S.H. Tohidi, Int. J. Nanosci. Nanotechnol. 7, 7 (2011)Google Scholar
  27. 27.
    Y. Qian, F. Ye, J. Xu, Z.G. Le, Int. J. Electrochem. Sci. 7, 10063 (2012)Google Scholar
  28. 28.
    T.W. Greene, P.G.M. Wuts, Protective Groups in Organic Synthesis, 3rd edn. (Wiley, New York, 1999)CrossRefGoogle Scholar
  29. 29.
    P.J. Kocieński, Protecting Groups (Georg Thieme Verlag, New York, 1994)Google Scholar
  30. 30.
    S. Naik, G. Bhattacharjya, V.R. Kavala, B.K. Patel, ARKIVOC i, 55 (2004)Google Scholar
  31. 31.
    P. Phukan, Tetrahedron Lett. 45, 4785 (2004)CrossRefGoogle Scholar
  32. 32.
    R.H. Baker, F.G. Bordwell, Organic Synthesis Collective, vol. III (Wiley, New York, 1995), p. 141Google Scholar
  33. 33.
    S.V. Pansare, M.G. Malusare, A.N. Rai, Synth. Commun. 30, 2587 (2000)CrossRefGoogle Scholar
  34. 34.
    I.M. Baltork, H. Aliyan, A.R. Khosropour, Tetrahedron 57, 5851 (2001)CrossRefGoogle Scholar
  35. 35.
    S.K. De, Tetrahedron Lett. 45, 2919 (2004)CrossRefGoogle Scholar
  36. 36.
    A.K. Chakraborti, R. Gulhane, Tetrahedron Lett. 44, 6749 (2003)CrossRefGoogle Scholar
  37. 37.
    R. Dalpozzo, A.D. Nino, L. Maiuolo, A. Procopiou, M. Nardi, G. Bartoli, R. Romeo, Tetrahedron Lett. 44, 5621 (2003)CrossRefGoogle Scholar
  38. 38.
    M.L. Kantam, K. Aziz, P.R. Likhar, Catal. Commun. 7, 484 (2006)CrossRefGoogle Scholar
  39. 39.
    R. Ghosh, S. Maiti, A.K. Chakraborty, Tetrahedron Lett. 46, 147 (2005)CrossRefGoogle Scholar
  40. 40.
    A. Kamal, M. Naseer, A. Khan, K.S. Reddy, Y.V.V. Srikanth, T. Krishnaji, Tetrahedron Lett. 48, 3813 (2007)CrossRefGoogle Scholar
  41. 41.
    B. Das, P. Thirupathi, J. Mol. Catal. A: Chem. 269, 12 (2007)CrossRefGoogle Scholar
  42. 42.
    T.S. Reddy, M. Narasimhulu, N. Suryakiran, K.C. Mahesh, K. Ashalatha, Y. Venkateswarlu, Tetrahedron Lett. 47, 6825 (2006)CrossRefGoogle Scholar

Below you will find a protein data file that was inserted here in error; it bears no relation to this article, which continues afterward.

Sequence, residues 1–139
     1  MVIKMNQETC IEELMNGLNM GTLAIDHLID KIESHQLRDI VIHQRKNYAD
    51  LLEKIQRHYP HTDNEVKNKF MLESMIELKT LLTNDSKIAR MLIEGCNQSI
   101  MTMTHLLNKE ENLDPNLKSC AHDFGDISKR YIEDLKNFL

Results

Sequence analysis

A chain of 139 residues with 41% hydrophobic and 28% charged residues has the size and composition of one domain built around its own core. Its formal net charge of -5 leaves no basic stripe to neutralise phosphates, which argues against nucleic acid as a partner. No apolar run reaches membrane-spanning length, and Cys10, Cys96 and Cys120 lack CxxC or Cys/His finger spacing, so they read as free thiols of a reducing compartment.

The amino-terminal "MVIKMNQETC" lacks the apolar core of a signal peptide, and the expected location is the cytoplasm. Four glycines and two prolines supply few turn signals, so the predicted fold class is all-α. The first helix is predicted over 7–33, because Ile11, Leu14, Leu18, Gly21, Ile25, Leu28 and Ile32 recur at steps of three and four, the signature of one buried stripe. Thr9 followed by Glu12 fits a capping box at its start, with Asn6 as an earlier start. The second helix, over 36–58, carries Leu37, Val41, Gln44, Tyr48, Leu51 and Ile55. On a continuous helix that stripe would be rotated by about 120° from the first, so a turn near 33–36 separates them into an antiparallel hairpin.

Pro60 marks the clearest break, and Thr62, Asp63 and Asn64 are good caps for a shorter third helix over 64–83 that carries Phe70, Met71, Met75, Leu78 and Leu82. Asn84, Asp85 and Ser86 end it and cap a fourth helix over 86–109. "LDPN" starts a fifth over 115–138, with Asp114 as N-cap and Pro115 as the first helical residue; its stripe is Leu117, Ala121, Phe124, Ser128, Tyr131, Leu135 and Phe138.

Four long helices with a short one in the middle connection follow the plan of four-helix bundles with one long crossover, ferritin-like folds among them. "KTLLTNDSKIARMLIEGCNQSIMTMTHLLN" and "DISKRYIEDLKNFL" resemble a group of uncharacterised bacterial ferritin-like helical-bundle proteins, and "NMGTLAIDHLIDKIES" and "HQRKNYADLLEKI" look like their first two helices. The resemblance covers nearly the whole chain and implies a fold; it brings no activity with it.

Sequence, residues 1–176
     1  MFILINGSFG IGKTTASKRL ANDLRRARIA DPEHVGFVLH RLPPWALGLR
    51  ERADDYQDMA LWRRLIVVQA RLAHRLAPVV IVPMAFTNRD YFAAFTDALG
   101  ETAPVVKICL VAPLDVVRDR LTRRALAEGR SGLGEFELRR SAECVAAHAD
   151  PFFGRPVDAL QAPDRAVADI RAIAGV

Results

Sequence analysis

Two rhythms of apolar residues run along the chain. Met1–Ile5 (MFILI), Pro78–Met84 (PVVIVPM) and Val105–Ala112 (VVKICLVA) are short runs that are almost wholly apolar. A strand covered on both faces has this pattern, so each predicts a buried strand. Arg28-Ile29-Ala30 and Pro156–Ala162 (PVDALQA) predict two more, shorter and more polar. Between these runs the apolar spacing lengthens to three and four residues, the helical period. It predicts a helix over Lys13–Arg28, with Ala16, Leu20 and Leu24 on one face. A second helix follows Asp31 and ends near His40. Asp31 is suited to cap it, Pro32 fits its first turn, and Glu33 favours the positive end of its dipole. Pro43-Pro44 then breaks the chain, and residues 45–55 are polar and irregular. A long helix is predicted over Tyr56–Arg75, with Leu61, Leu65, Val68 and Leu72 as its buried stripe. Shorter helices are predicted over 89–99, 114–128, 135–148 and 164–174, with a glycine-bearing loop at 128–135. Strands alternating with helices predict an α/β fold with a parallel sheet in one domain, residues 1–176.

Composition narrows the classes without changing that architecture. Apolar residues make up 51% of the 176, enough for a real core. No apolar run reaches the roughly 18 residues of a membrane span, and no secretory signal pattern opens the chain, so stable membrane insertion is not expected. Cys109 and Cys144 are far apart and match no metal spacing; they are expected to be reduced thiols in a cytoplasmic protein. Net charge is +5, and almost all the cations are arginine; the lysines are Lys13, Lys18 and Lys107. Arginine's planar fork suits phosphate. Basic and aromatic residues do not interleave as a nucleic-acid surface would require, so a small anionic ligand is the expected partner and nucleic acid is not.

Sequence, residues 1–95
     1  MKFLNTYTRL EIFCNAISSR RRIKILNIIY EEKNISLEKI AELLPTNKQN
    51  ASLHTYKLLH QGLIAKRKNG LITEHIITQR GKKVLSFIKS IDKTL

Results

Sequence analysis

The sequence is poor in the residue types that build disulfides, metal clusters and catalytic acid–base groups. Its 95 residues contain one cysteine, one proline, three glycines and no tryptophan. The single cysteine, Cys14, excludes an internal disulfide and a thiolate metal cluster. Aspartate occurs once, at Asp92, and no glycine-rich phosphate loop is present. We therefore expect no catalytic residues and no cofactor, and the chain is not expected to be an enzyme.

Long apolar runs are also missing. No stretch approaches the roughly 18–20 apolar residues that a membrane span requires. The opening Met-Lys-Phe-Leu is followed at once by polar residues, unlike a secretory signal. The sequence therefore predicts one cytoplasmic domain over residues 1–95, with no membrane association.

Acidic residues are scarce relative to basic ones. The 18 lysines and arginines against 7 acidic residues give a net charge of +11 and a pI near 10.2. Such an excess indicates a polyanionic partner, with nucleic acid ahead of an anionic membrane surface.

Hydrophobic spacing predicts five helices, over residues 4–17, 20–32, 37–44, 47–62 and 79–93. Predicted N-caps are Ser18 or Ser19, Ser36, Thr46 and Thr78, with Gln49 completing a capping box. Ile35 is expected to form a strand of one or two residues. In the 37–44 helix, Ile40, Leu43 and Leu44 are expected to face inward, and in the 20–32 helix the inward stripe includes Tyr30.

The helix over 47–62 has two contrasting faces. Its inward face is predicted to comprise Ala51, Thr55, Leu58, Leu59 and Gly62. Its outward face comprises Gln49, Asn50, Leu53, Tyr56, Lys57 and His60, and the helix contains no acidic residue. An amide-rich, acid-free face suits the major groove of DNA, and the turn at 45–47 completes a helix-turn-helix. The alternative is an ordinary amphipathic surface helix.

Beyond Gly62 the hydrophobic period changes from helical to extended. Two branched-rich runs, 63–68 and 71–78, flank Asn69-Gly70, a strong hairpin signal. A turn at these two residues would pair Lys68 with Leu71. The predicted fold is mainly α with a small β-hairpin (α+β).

43. 43.
    J.S. Yadav, A.V. Narsaiah, A.K. Basak, P.R. Goud, D. Sreenu, K. Nagaiah, J. Mol. Catal. A: Chem. 255, 78 (2006)CrossRefGoogle Scholar
  44. 44.
    J.K. Joseph, S.L. Jain, B. Sain, J. Mol. Catal. A: Chem. 267, 108 (2007)CrossRefGoogle Scholar
  45. 45.
    K. Shyamprasad, S.Z.M. Shamshuddin, V.T. Vasantha, J. Porous Mater. 21, 1079 (2014)CrossRefGoogle Scholar
  46. 46.
    S. Farhadi, K. Jahanara, A. Sepahdar, J. Iran. Chem. Soc. 11, 1103 (2014)CrossRefGoogle Scholar
  47. 47.
    F. Dehghani, A.R. Sardarian, M.M. Doroodmand, J. Iran. Chem. Soc. 11, 673 (2014)CrossRefGoogle Scholar
  48. 48.
    S. Farhadi, K. Jahanara, Chin. J. Catal. 35, 368 (2014)CrossRefGoogle Scholar
  49. 49.
    T.E. Kristensen, Beilstein J. Org. Chem. 11, 446 (2015)CrossRefGoogle Scholar
  50. 50.
    R.K. Sodhi, V. Kumar, S. Paul, Open Catalysis J. 6, 1 (2013)CrossRefGoogle Scholar
  51. 51.
    A.A. Marzouk, V.M. Abbasov, A.H. Talybov, Chem. J. 2, 179 (2012)Google Scholar
  52. 52.
    S.V. Nalage, M.B. Kalyankar, V.S. Patil, S.V. Bhosale, S.U. Deshmukh, R.P. Pawar, Open Catalysis J. 3, 58 (2010)CrossRefGoogle Scholar
  53. 53.
    M. Gupta, M. Gupta, S. Paul, V.K. Gupta, R. Khajuria, Monatsh. Chem. 146, 143 (2015)CrossRefGoogle Scholar
  54. 54.
    G.J. Poinem, R. Brundavanam, X.T. Le, S. Diordjevic, M. Prokic, D. Fawcett, Int. J. Nanomed. 6, 2083 (2011)Google Scholar
  55. 55.
    A. Chandrasekar, S. Sagadevan, A. Dakshnamoorthy, Int. J. Phys. Sci. 8, 1639 (2013)Google Scholar
  56. 56.
    A. Singh, K.M. Purohit, J. Biotechnol. Biomater. 2, 104 (2011)CrossRefGoogle Scholar
  57. 57.
    S. Paul, P. Nanda, R. Gupta, A. Loupy, Tetrahedron Lett. 43, 4261 (2002)CrossRefGoogle Scholar
  58. 58.
    B.S. Furniss, A.J. Hannaford, P.W.G. Smith, A.R. Tatchell, Vogel’s Textbook of Practical Organic Chemistry, 5th edn. (Longman-ELBS, London, 1991), p. 1370Google Scholar
  59. 59.
    Handbook of Fine Chemicals, Sigma Aldrich (Advancing Science), vol. 2007–2008, p. 629Google Scholar
  60. 60.
    G. Brahmachari, S. Laskar, S. Sarkar, Indian J. Chem. 49B, 1274 (2010)Google Scholar
  61. 61.
    Research Chemicals, Metals and Materials, Alfa aesar (A Johnson Matthey Company), vol. 2011–2013, p. 1124Google Scholar
  62. 62.
    R. Gupta, V. Kumar, M. Gupta, S. Paul, R. Gupta, Indian J. Chem. 47B, 1739 (2008)Google Scholar
  63. 63.
    L.R. Steffel, T.J. Cashman, M.H. Reutershanand, B.R. Linton, J. Am. Chem. Soc. 129, 12956 (2007)CrossRefGoogle Scholar
  64. 64.
    S. Farhadi, S. Panahandehjoo, Eur. J. Chem. 1, 335 (2010)CrossRefGoogle Scholar
  65. 65.
    T.S. Jin, Y.R. Ma, T.S. Li, Z.H. Zhang, G.B. Duan, Indian J. Chem. 38B, 109 (1999)Google Scholar
  66. 66.
    M.M. Mojtahedi, M.S. Abaee, M. Javadpour, Phosphorus Sulfur Silicon Relat. Elem. 185, 2362 (2010)CrossRefGoogle Scholar
  67. 67.
    J. Safari, S.D. Khalili, S.H. Banitaba, J. Chem. Sci. 122, 437 (2010)CrossRefGoogle Scholar
  68. 68.
    M.M. Heravi, M. Zakeri, H. Haghi, Synth. React. Inorg. Metal-Org. Nano-Metal Chem. 41, 1310 (2011)CrossRefGoogle Scholar

Copyright information

© Iranian Chemical Society 2015

Authors and Affiliations

  1. 1.Department of ChemistryUniversity of JammuJammuIndia

Personalised recommendations